The message is that high-tech pharmaco-industrial medicine is as good as it gets. But the results, however, are just not there. I view what we are doing as the equivalent of putting a new valve stem in the wheel of a twenty year old vehicle that has had only five oil changes in its life. Yes, the tire will now hold air and we can "limp" the vehicle into the garage for expensive tests and follow-up. But is this sensible or cost-effective? Impeccable, inexpensive maintenance by the owner of the vehicle over the twenty years would have prevented all of the expensive problems (and eliminated the mechanic). And so it is now with "health care", a misnomer; it is "sick care". What if tomorrow no one was sick? This is the logical progression to an ideal endpoint of a well-designed national prevention program. Sounds great! Imagine though, the effects of not needing any more total knee prostheses because people took care of their joints (yes, joints can be preserved in near-original condition with a good lifestyle program!). Unemployment would obviously increase. Illness as a major employer in America is a fact of life.

The whole system, then, boils down to a way to keep a lot of folks employed, paying taxes, buying insurance, but getting slowly sicker, so they will then recycle all of their money into the system through costly, interventional medicine. Well, costs have long outstripped the contributions, and now we have "managed care", another medical neologism, which really means absolutely nothing except that governmental bureaucracy is now managing the purse strings of the easiest targets: doctors and hospitals. It is now obvious that the system is a failure that is bankrupting the entire government.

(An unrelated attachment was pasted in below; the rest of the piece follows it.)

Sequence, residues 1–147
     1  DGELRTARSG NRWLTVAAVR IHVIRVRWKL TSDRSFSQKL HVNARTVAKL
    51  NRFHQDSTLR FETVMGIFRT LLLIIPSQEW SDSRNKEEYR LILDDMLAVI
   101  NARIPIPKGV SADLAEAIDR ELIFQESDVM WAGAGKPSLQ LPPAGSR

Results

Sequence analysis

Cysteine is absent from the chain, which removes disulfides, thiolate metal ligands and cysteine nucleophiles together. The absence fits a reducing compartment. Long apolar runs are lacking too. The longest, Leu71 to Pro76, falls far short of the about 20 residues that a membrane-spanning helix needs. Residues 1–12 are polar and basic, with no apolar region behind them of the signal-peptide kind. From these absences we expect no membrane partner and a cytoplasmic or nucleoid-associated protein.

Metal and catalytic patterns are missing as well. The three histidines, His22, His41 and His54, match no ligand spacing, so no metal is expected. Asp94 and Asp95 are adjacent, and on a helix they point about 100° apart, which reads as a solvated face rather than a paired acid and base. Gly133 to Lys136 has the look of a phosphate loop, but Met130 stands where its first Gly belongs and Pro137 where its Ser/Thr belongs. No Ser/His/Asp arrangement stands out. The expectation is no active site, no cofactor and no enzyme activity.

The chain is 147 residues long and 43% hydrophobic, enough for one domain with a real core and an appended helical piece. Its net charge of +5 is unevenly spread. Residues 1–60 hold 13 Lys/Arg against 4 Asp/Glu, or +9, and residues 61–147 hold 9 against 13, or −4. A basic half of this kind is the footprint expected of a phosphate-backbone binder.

A parallel industry, which I will call "Wellness and Prevention through Lifestyle Counseling" is rising along with "alternative medicine". Central to prevention are effective lifestyle changes, including the design and administration of effective exercise programs. A whole industry is on the rise to develop and administer these programs. Scientific data abounds on the effectiveness of exercise on the prevention or resolution of the "diseases" of sedentary living. These diseases comprise nearly all of what modern medicine treats.